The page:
I don’t buy the consumer angle — after all, every person is curating for at least one person, themselves — so I consider it a cardinality distinction: curating for one is not appreciably different than curating for two or ten. All curators — of whatever degree of discernment — started by curating for themselves. But Solis clearly gets the big picture, and I agree totally that what is bubbling up today will make the web a place where we continue to come to learn, make decisions, and connect with — and perhaps inspire? — others to do the same.
This piece by Kirkpatrick suggests that he’s has a personal epiphany out at Salesforce, and wants to get us all excited about the coming revolution when social tools hit the enterprise. However, for those of us that have been writing about that topic for ten years — like me — this piece comes across as rah-rah boosterism rather than reasoned analysis.
Read it for the great quotes by John Hagel, Shoshanna Zuboff, and Mark Benioff. But there is a missing core of analysis here, which you will have to find elsewhere.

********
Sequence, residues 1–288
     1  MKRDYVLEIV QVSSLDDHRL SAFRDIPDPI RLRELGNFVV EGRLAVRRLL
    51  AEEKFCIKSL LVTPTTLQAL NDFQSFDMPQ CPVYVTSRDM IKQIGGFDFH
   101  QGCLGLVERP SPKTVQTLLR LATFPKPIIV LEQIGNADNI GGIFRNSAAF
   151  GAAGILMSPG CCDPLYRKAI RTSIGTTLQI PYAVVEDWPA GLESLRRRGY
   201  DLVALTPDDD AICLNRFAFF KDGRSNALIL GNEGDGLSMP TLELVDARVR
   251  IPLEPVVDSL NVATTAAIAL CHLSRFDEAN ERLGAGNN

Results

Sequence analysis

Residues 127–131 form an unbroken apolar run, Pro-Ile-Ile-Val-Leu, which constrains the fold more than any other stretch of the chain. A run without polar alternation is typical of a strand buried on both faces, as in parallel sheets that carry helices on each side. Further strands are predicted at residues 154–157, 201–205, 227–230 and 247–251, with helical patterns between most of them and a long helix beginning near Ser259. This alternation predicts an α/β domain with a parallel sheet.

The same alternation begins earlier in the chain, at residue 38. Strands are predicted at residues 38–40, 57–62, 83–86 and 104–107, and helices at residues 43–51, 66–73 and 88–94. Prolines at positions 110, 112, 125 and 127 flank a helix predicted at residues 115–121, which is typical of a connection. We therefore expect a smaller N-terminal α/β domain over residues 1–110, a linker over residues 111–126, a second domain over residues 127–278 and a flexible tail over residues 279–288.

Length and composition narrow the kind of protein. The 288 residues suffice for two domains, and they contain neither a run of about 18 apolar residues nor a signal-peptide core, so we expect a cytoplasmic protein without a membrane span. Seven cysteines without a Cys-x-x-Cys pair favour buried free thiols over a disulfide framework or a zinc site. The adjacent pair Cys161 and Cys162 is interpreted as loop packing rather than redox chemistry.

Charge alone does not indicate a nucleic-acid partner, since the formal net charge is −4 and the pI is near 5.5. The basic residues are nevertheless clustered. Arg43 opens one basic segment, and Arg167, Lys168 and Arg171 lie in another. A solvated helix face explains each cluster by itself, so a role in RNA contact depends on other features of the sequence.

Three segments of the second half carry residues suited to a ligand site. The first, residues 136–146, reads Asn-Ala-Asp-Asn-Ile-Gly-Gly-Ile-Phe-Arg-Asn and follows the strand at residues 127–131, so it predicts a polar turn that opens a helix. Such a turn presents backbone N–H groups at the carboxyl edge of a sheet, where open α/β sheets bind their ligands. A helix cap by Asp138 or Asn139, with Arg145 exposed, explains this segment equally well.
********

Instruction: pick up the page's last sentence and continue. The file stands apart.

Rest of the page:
The drivers of social impact in business are derived the changes and amplification of human cognition when channeled by social tools, and the way that social density works like an atmospheric pressure on people. You won’t read that here, although Kirkpatrick might do more if he turns this into a book.
Lastly: the Arab Spring has been mythologized into a renaissance of suppressed people, catalyzed by the agency of social media. An uplifting passion play, suitable for several upcoming major motion pictures, I am sure. But for those that are looking closely into the drivers of the unrest there, you will find deep unemployment caused by rising food prices tied to long-term drought in the entire region and food production problems elsewhere. The transition of power that will follow won’t turn Libya and Egypt into Spain and Portugal, after the fall of their fascist regimes. Tunis and Cairo won’t morph into Westernism with something like parliamentary democracies, closely integrated into a neoliberal world, the way that Madrid and Lisbon managed to do. So I suggest that the heated rhetoric about those countries be cooled for a bit, until we can see the shape of what emerges. Most importantly, the drought, high food prices, and endemic unemployment and lack of opportunity for the youth of the Arab world has not been banished with Mubarak and Gaddafi. They will be with us for a long time to come. And youthful hope may soon change into embittered and obdurate anger, unless structural changes in the economy take place, not just a series of political coups unseating pharaonic despots.